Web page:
Good Drinks: non-alcoholic cocktails get their second on the craft scene | Food and drinks

J.ulia Bainbridge was very thoughtful in choosing the title of her upcoming book, Good Drinks: Non-Alcoholic Recipes, if for some reason you don’t drink. Non-alcoholic cocktails go by many names – mocktails, zero-proof, or alcohol-free drinks – and stakeholders cannot agree on a name for the category. Bainbridge, a former editor at Bon Appétit, simply wanted her book to be a resource for anyone interested in the subject, while shedding light on a category neglected in the craft cocktail scene.

“I somehow got around this conversation by calling them drinks. Drinks that are underrepresented and potentially serve underrepresented populations that make it look like a party, ”says Bainbridge.

At first, Bainbridge was reluctant to call anything a “bogus” version of a classic cocktail. She finally came over – – This is an example Pimm’s Crown by Rob Brouse of Acadia in Chicago, Illinois – – because it can help recreate some of the experience of classic drinks. “There’s the alcohol factor, but remove that and see if you can strike a balance between work and bitterness or whatever. I believe we can use information from the world of alcoholic beverages in this area. “

To write good drinks, Bainbridge drove across the United States, from New York City to Bloomington, Indiana, to Portland, Oregon. Since she was looking for drinks that she really wanted to have in bars and restaurants, she decided to reach bartenders and cocktail professionals whose job it is to “prepare good, balanced drinks – regardless of the alcohol content”. That meant spending a few days on-site at Death & Co’s Denver location learning how kefir whey can add body to a drink, or in the Los Angeles kitchen of author Gabriella Mlynarczyk to learn about her love for everyone to experience aromatic things.

Julia Bainbridge, author of Good Drinks.Julia Bainbridge, author of Good Drinks. Photo: Theodore Samuels Studio

In California, she tried drinks made from umeboshi vinegar and tomato water, while in Missouri she tried the Shiso Spritz, a tea made from Shiso leaves, a syrup made from melon peel that forms a pink-brown mixture that, when added, makes a rich magenta Citric acid.

Bainbridge’s timing is spot on. The category of non-alcoholic beverages has seen significant growth in recent years. Nielsen named low and non-alcoholic options as the top alcohol trend for 2020. Bainbridge believes the growth is coming from several factors, including Americans increasingly waking up to some of the dangers of alcohol and the fact that consumers are increasingly focused on wellbeing – including sugar and calorie consumption – but also the mental health issues associated with regular drinking. “The stigma since our parents’ generation [surrounding mental health] has lost weight, ”said Bainbridge. “I think people are aware of how alcohol affects their mental health and they may want to moderate for that reason too.”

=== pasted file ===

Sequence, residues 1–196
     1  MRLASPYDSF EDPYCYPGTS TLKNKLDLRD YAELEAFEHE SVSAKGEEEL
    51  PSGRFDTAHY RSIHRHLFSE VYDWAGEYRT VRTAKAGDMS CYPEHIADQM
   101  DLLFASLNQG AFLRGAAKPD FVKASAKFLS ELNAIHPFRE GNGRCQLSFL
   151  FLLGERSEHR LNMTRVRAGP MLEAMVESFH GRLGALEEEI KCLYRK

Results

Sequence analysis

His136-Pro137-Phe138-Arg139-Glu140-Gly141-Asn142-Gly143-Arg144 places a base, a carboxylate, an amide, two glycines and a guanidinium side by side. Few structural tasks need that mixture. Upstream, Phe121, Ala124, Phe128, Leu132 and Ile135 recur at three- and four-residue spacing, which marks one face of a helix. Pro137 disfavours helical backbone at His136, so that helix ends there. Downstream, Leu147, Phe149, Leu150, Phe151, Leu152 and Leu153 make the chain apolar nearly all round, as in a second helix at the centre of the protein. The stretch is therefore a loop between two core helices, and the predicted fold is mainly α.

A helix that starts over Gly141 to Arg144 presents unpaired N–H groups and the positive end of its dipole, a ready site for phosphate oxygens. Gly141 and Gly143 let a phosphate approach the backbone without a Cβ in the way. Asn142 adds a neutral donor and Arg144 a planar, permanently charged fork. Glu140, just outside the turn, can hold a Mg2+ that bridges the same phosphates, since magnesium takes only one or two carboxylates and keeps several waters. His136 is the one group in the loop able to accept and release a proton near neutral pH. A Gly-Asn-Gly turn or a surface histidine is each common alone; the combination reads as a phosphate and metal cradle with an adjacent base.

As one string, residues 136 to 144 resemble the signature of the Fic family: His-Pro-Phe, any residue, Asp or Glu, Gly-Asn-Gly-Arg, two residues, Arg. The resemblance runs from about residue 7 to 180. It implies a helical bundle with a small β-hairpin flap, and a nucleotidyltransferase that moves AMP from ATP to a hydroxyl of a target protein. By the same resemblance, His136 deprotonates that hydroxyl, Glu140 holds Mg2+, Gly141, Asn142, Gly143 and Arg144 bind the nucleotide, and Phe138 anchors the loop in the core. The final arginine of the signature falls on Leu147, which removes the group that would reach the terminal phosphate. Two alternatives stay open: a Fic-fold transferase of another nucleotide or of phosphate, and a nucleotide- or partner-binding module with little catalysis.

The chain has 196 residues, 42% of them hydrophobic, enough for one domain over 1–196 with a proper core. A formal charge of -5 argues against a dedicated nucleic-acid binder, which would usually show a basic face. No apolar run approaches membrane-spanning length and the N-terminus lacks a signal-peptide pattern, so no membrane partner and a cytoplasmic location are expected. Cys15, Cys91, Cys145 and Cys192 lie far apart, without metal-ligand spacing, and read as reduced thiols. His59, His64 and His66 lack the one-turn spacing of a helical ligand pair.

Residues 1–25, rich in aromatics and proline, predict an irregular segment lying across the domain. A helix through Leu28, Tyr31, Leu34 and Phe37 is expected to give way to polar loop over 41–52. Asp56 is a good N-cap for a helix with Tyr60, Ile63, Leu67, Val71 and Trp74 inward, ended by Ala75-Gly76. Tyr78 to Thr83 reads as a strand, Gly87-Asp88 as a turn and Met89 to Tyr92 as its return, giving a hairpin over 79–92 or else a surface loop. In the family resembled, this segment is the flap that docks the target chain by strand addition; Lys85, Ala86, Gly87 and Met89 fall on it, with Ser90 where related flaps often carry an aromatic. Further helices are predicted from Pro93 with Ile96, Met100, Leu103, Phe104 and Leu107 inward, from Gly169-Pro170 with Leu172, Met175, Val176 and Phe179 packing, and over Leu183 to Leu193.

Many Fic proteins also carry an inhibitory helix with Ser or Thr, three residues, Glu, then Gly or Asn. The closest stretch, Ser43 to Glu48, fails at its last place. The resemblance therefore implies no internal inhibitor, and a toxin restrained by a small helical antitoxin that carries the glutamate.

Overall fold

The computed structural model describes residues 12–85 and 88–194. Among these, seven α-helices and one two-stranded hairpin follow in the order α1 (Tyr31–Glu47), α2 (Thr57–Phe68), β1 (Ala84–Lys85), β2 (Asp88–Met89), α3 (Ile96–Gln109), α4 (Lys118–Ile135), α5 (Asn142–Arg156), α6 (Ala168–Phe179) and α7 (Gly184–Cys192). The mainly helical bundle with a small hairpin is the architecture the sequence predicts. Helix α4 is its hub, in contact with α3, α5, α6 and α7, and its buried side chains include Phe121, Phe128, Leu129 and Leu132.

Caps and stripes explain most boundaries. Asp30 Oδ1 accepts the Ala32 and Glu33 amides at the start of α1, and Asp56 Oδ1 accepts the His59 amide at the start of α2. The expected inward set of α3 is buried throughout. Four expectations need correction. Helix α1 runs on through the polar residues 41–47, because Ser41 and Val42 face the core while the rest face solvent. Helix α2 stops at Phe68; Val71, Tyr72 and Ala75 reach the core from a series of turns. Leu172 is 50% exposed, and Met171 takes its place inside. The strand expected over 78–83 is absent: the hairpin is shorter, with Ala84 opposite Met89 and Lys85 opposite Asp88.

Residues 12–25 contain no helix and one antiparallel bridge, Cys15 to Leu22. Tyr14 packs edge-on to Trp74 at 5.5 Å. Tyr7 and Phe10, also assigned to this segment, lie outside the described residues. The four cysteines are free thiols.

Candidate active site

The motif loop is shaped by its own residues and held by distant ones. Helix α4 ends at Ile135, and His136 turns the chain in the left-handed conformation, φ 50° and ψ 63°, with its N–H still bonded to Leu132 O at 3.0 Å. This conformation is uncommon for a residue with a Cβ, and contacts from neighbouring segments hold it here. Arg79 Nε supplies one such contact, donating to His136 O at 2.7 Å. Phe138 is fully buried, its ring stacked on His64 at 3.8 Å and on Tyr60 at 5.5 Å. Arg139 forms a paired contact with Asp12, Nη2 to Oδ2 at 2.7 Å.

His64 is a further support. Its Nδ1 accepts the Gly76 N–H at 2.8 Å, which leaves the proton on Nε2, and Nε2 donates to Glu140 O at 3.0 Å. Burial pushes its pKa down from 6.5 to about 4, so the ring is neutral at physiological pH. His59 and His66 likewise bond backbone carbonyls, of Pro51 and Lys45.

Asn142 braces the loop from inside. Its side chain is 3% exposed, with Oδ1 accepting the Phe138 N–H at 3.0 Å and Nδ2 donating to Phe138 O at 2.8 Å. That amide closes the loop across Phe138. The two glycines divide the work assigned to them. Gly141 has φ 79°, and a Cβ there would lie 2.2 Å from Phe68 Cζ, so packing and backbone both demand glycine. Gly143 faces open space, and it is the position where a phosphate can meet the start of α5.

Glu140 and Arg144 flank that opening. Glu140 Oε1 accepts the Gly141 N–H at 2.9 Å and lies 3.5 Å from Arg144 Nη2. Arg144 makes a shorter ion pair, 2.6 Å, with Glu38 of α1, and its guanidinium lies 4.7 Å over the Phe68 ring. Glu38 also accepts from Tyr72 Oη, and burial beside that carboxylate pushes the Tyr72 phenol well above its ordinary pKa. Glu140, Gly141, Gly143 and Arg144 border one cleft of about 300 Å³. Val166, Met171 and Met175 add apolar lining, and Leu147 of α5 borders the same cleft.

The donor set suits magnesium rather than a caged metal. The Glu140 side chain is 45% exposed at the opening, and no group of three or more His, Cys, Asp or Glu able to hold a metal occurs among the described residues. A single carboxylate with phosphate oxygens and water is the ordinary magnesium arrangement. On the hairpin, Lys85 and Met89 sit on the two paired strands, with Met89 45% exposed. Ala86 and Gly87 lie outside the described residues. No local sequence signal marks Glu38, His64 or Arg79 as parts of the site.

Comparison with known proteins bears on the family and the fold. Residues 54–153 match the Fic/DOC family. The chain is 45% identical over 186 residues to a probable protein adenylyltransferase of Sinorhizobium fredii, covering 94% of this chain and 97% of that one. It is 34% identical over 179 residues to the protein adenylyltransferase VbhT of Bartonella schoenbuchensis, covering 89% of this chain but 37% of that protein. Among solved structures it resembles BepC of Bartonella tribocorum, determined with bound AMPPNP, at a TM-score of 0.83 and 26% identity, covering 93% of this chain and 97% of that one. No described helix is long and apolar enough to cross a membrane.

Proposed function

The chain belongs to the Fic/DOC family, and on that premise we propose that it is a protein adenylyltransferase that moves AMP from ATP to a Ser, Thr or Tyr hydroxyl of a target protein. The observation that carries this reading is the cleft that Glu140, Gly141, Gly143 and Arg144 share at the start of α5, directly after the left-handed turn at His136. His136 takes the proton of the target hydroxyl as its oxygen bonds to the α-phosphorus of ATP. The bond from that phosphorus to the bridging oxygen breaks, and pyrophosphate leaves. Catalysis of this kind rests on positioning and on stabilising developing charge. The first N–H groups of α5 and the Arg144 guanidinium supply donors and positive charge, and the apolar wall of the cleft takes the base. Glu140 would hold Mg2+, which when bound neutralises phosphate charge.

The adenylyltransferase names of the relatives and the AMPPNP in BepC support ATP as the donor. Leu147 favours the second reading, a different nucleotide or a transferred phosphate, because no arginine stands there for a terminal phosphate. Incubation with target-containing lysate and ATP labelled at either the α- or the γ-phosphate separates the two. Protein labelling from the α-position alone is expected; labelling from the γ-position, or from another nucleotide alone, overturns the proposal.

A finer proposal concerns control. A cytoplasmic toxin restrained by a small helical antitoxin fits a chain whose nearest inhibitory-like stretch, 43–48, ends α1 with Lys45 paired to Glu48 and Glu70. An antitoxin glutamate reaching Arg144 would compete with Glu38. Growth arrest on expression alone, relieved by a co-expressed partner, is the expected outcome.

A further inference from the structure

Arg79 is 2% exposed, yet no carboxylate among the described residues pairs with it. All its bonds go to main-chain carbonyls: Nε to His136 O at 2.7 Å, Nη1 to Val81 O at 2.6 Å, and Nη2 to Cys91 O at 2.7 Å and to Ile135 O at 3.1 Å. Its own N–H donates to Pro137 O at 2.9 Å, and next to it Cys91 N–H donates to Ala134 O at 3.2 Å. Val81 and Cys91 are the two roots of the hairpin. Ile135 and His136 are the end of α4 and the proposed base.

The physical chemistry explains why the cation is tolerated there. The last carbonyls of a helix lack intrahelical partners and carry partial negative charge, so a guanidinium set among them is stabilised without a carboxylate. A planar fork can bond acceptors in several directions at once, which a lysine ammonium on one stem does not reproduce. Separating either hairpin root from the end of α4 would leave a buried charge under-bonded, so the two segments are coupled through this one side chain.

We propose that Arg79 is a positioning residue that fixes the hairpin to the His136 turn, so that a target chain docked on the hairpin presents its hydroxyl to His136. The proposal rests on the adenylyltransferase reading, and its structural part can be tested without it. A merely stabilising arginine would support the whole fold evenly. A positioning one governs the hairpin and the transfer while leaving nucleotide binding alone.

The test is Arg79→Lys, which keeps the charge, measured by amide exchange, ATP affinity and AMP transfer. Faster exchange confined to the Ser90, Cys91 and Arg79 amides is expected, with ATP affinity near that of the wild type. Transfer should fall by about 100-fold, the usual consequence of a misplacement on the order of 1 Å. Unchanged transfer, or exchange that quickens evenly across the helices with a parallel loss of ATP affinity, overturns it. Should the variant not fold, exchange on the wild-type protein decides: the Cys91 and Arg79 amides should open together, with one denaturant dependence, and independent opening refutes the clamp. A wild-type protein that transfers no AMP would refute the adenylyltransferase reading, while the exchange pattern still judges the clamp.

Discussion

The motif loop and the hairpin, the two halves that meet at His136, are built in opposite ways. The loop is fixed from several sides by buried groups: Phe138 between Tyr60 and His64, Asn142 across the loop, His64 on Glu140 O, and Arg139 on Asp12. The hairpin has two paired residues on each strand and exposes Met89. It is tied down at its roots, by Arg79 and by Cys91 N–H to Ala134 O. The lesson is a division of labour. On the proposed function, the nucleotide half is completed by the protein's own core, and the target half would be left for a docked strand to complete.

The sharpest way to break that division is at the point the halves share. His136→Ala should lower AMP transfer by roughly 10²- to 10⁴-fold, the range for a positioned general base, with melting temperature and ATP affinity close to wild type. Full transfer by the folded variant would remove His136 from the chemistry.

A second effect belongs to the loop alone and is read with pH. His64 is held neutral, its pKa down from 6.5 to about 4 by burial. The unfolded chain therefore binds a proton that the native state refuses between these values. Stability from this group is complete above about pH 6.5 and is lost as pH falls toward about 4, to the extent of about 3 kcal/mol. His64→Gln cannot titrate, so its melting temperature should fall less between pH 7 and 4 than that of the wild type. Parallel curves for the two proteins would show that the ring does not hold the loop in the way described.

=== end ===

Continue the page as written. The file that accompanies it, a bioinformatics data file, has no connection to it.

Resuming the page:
Millennials and Gen Z’ers are also involved in world events and the fear they bring with them in ways that previous generations have never done before – which may add to the growing trend to drink less. “I think they are looking for ways to find a balance in today’s global uncertainty. Alcohol is also expensive, and the percentage of millennials with zero dollar savings is increasing. At this point, we have not yet accumulated the wealth that our predecessors had. And now, with Covid and the economic crisis that followed, that’s all the more accurate. “

During this spring’s lockdown, she heard from many people who used that time to explore how they could not drink for long periods of time. She believes it was the perfect time to try it, “because there is no social pressure to deal with, right, because there is no socializing!”

Bainbridge, who currently doesn’t drink alcohol, does not write about her relationship with it in the book for several reasons, including a desire that it be a resource for more than just sober people. “It’s not that I’m ashamed of having a complicated relationship with alcohol. I just didn’t think it had to be here because it’s not a book exclusively for sober people. It is a celebration of all these delicious things for people who want it, and there are many people who want it for various reasons. “

She found that her own drinking was a problem that she put an end to, but she wants others to be free to define what is a problem for her. “Alcohol has had a negative impact on my life. I didn’t make the same decisions about drinking that I would like to have in my sober life. I have definitely abused this substance for a long time and removing it was important to my health and happiness. “

She’s not an anti-alcohol fan – she just wants the drinkers to realize that there’s a whole unexplored world out there. “This book just celebrates all the delicious things there are to drink that have no alcohol for those who don’t drink it, may it be tonight, this month, whenever, for this round, whatever.”

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